Translation of the french version published in the "Revue Musicale Suisse" 12 / 2005

Nicole Coppey

What is art… who is an artist… ?

Music, movement, painting, poetry, architecture, sculpture….., all means of artistic expression. But what is art… who is an artist… ?

Art, the channel of universal human expression rises from the personal, intense, profound voyage of human experience. It involves the whole being for the reason that it concurrently calls upon the senses, emotions, and the mind. In my opinion the true artist is the person who draws out the art and beauty that dwells in the deepest parts of his inner being which he then communicates through his personal authenticity. One can see an image of the artist’s creation by means of a sound produced by a string and magnified by the sound post and the sound box of the cello.

To get started an artist begins his work with a base material: sound, matter, technique, sensorial perception, model, idea, concept, message… . Like the sculptor or the stringed-instrument maker who seeks out the best quality material for his work, art has to come from unswerving intention, it has to rest on best quality support, able to last for generations, (this is just as true for fleeting works in which the memory will remain incorporeal, thus lasting…) You can’t build without good foundations.

Perfect materials for a perfect result?

However, in art perfection is not the only goal. Art for art’s sake, as lauded by Théophile Gautier, doesn’t have meaning unless is stays embodied, unless it keeps its human dimension, that which renders it perceptible. No matter how important quality in the foundation is, this is not enough to guarantee splendor. Imperfections are the reminder in art of its human dimension, wherein lies its charm. Technique is at the service of artistic expression and conditions it, as does the chosen material which will impose formal logic to the visual arts: “Artistic sense is not a mechanical thing,” says the pianist Tamás Vásáry. “You are not a computer…and if you concentrate too much on precision, you lose the essence of art which is emotion; experience something and communicate it. Especially something connected to love. In other words, how can you feel love if you are a race horse or a computer?”

Virtuosity is primarily an important means to express a complete palette of feelings. Liszt went even further: “Music does not express feeling, it is in itself feeling.” A work of art is inspired by infinite love, complete with all its joy, sorrow, feeling, in all the different kinds of nuances that a person can experience. It generates emotion, which is at the heart of life. To take feeling and emotion away from art, is to cut off the vital link that bonds it to human nature.   

In its own way each type of art seeks these emotions. “As a musician can give his emotional impressions to a sunrise without the sound of a crowing rooster, so the painter has purely pictorial means to render his impressions of a morning without painting the rooster.” (Kandinsky)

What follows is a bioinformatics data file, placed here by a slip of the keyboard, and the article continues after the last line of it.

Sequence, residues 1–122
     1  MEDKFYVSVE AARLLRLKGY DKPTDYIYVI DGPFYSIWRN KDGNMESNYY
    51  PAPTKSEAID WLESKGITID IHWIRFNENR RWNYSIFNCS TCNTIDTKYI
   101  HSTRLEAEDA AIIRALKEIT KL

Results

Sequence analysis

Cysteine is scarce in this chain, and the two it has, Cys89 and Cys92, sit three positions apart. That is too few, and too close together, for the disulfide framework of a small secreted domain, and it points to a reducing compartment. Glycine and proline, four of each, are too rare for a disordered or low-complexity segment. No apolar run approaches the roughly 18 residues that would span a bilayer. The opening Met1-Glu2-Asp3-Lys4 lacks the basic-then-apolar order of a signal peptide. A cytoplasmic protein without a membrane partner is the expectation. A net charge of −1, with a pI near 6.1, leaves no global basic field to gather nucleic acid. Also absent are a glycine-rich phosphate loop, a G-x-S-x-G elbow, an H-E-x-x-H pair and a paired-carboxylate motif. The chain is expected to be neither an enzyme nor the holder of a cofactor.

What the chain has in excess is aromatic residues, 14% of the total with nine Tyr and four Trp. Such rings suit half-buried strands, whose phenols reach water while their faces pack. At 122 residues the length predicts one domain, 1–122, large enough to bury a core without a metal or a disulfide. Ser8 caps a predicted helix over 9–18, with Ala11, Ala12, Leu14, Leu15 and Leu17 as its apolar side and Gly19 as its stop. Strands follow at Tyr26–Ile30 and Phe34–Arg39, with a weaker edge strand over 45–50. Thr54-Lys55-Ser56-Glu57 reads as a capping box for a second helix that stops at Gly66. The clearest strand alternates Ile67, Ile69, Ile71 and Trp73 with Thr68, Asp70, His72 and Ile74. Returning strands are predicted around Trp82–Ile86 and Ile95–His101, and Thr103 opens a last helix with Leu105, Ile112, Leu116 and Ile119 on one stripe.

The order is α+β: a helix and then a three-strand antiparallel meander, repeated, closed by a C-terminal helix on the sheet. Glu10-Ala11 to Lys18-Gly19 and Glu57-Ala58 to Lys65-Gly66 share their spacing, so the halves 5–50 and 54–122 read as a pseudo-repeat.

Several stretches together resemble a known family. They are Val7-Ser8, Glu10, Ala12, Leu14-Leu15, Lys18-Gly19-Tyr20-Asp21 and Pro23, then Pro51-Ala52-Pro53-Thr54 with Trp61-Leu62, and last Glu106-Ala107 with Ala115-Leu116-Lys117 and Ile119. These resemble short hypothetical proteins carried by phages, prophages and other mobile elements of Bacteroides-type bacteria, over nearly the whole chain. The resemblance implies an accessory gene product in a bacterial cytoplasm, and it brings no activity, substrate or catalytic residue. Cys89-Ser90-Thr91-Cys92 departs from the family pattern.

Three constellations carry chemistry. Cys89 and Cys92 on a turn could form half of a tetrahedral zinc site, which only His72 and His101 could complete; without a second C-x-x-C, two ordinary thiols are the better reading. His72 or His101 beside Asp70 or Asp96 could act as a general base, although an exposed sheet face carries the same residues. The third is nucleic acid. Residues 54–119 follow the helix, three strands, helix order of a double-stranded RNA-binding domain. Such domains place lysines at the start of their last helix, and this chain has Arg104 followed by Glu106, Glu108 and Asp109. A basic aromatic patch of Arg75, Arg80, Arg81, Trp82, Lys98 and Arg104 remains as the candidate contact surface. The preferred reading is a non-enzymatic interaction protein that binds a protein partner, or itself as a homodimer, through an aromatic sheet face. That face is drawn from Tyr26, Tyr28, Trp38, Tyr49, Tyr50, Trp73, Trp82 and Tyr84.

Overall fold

Art in music

As it is with the other arts, music helps the human spirit to perceive universal ideas. Through its rhythmic, melodic, and harmonic components, music excels in this task. Rhythm gives it life (movement, heartbeats), it evokes the tempo and its duration, defines the unity, the divisions and iteration. Melody, less quantifiable, conveys the emotions and speaks to our feelings in an irrational way. And finally harmony sets up a frame of reference (the tonal system), based on universal dimensions, allowing one to convey the colors of each tonality.

A musical work is the sum total of a complex combination that unites forms, mouvements, colors, sounds, dreams, poetry, plasticity, the spatial, and the temporal, into one genuine musical design. As a result the artist must undergo a journey in order to discover his core and be able to communicate the emotions that emanate from therein.

It is therefore no surprise that artists themselves often become involved in other art forms than their own. Notably for example painters, who developed their sensitivity through a contact with music: Véronèse, Delacroix, Kandinsky. Schumann suggested to an accomplished musician to study one of Raphaël’s Madonnas, and to a painter he suggested he study a symphony by Mozart. Debussy, drawn to pictorial art, proposed “to create a work in a very special color which will give rise to as many sensations as possible”.

Art is a mission

If, from now on, a musical work is to be considered as a combination of the arts, then why not create more recognizable links to the other arts, with each one through their own means of interaction transmitting an even deeper message? Human beings being multi-tasked, therefore why not provide multiple means of experience in one concert?

Since the opening 8 years ago of our school “Un, Deux, Trois Musiques…” in Sion, we have put forward an artistic pedagogy based on music and the person, developing not only musical ability, but also the gifts of artistic expression and creativity. In addition to this, we have created recitals based on educational themes such as: music and painting, …poetry, …literature, …sculpture, …gastronomy, …language, …movement, … All of these themes provide not only an indisputable opening to art in a manner which is global, but they also cause us to endeavor to view art as a whole, generating complementary emotions.

You can read the text in French language in the "Revue Musicale Suisse" of December 2005 page 13

“Jean-Baptiste Corot “Monk with a Cello” Hamburg Kunsthalle”